The SEC’s Office of Investor Advocacy also issued an Investor Alert titled “Social Media and Investing: Avoiding Fraud,” designed to help investors be better aware of fraudulent investment schemes that use social media, and provides tips for checking the backgrounds of advisors and brokers.

Finally, the agency released an Investor Bulletin titled “Social Media and Investing: Understanding Your Accounts,” which contains best practices on privacy settings and password selection along with security tips aimed to help social media users protect their personal information and avoid fraud.

The Benefits to Advisors

Russell Dunkin, a wealth advisor in Wheeling, W.V., told me in an email that in his use of social media over the past four years, he’s found Facebook to be “extremely valuable” in deepening his existing client relationships and “accelerating relationships that are just forming.”

Says Dunkin: “Knowing tidbits about friends generally leads me to know more about them. Second, it accelerates relationships that are just forming. Several of my close friends and business networks today started as simple introductions and accelerated through either Twitter or Facebook.” By connecting online, he says, “Often I’ll get to know [potential clients] better and faster, leading to more meaningful relationships later.”

However, Dunkin says he doesn’t rely solely on Twitter, for instance, as a means to generate new business, adding that it takes more than one method of marketing and communication to fill a referral pipeline.

Alan Moore, a fee-only advisor with Financial Service Group Inc. in Racine, Wis., told me that he also does not expect a potential new client to find his firm via his Twitter feed. However, he said, “properly using social media helps to drive up [his firm’s] Google rankings, which is where most of our clients come from, second only to referrals from current clients.”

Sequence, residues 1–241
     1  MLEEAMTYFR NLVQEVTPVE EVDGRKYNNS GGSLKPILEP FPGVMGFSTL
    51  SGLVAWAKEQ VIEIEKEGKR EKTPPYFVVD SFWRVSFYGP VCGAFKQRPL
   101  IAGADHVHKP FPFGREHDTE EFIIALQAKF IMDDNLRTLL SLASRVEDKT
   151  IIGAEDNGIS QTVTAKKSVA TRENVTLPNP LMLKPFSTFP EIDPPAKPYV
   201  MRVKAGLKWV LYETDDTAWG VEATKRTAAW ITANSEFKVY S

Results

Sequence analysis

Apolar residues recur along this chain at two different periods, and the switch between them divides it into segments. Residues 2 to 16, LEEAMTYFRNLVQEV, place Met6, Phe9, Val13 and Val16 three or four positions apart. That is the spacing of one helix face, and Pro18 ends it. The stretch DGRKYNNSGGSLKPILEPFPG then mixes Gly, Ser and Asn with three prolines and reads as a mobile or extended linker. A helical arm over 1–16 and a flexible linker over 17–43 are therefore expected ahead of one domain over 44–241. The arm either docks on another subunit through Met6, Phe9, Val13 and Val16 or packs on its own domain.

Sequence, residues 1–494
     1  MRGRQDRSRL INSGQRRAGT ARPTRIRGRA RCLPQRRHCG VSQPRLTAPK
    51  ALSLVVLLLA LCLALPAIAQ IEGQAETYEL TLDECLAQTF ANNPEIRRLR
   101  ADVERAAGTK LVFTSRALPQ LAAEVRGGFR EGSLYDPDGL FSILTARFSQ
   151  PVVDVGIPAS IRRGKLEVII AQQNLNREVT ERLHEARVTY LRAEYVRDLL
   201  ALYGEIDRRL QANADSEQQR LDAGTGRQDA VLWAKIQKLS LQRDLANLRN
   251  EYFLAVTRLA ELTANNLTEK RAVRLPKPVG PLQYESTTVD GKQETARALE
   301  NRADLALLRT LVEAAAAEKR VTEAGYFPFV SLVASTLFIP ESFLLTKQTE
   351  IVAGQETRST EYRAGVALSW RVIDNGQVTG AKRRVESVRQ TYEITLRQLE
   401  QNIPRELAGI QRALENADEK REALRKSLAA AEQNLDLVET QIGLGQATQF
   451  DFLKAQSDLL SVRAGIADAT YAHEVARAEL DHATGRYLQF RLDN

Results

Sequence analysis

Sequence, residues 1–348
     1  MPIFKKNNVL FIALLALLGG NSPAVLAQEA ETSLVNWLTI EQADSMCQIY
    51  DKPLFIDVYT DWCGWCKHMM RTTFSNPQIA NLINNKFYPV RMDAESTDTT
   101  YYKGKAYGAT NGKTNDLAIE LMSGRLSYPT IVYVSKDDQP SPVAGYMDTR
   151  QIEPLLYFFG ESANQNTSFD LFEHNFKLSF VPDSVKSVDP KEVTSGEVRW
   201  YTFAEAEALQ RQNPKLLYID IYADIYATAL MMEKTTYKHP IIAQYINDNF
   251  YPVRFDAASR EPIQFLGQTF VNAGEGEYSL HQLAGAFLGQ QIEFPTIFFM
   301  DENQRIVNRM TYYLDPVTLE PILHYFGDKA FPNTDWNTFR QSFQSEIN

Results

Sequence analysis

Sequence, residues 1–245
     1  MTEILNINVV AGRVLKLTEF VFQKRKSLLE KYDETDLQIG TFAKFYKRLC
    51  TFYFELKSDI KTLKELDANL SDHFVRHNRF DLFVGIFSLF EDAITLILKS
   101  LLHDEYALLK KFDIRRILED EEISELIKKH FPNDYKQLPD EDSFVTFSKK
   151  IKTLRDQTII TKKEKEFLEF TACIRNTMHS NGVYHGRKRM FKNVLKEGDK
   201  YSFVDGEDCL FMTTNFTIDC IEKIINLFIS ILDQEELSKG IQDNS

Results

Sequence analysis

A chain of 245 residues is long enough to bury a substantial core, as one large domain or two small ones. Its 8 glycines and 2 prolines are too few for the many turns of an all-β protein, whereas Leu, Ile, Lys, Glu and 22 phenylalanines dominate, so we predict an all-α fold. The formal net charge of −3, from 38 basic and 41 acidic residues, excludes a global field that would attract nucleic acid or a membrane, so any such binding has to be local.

Moore says he started using social media about a year ago and, so far, has been “very happy with the results.” But he recommends that other advisors take his lead and separate each social media tool—Facebook, Twitter and LinkedIn—into one of three categories:

• A personal account for personal use

• A personal account for business use

• A business account for business use

“I chose to have my personal Facebook account remain personal, while also being an administrator for our company Facebook page,” Moore says. “LinkedIn and Twitter can go into the second option as well. I find it impossible to cross personal use and business use with the same account, and have chosen to keep them clearly separated. My Twitter and LinkedIn accounts focus on building relationships in financial planning; my Facebook account focuses on personal relationships.”

That being said, he reports having had great success networking with peers and keeping up to date with changes in the financial planning profession using Twitter and, to a lesser extent, LinkedIn.

As far as where he gets his news, Moore says he gets the majority from other professionals reposting articles or blog posts that they felt were relevant.

Advisors using Twitter, he notes, tend to be very willing to share thoughts and opinions on a wide range of topics, including their own firm’s practice management. “I can ask a question as simple as ‘Who is using both technology A and technology B?’ And, ‘How is it working for you?’ I can get several responses within a few hours.”

To be sure, as the new year unfolds, more and more advisors will choose to dip their feet further into the social media waters. But caution should be taken in doing so. As Robert Kaplan, co-chief of the SEC Enforcement Division’s Asset Management Unit said, the charge against the Illinois advisor for LinkedIn fraud “reflects our determination to pursue fraudulent activity on new and evolving [social media] platforms.”